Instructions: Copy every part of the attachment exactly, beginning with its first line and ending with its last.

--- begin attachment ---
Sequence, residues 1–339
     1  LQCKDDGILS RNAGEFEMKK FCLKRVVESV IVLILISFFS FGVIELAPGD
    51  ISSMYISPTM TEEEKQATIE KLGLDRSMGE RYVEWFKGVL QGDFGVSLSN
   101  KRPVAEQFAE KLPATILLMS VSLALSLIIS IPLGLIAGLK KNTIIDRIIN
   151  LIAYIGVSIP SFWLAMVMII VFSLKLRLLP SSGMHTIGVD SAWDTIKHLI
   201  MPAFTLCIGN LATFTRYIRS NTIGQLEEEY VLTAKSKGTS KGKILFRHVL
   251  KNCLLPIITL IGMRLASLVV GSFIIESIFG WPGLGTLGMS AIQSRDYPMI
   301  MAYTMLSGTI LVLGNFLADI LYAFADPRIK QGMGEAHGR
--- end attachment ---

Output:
Sequence, residues 1–339
     1  LQCKDDGILS RNAGEFEMKK FCLKRVVESV IVLILISFFS FGVIELAPGD
    51  ISSMYISPTM TEEEKQATIE KLGLDRSMGE RYVEWFKGVL QGDFGVSLSN
   101  KRPVAEQFAE KLPATILLMS VSLALSLIIS IPLGLIAGLK KNTIIDRIIN
   151  LIAYIGVSIP SFWLAMVMII VFSLKLRLLP SSGMHTIGVD SAWDTIKHLI
   201  MPAFTLCIGN LATFTRYIRS NTIGQLEEEY VLTAKSKGTS KGKILFRHVL
   251  KNCLLPIITL IGMRLASLVV GSFIIESIFG WPGLGTLGMS AIQSRDYPMI
   301  MAYTMLSGTI LVLGNFLADI LYAFADPRIK QGMGEAHGR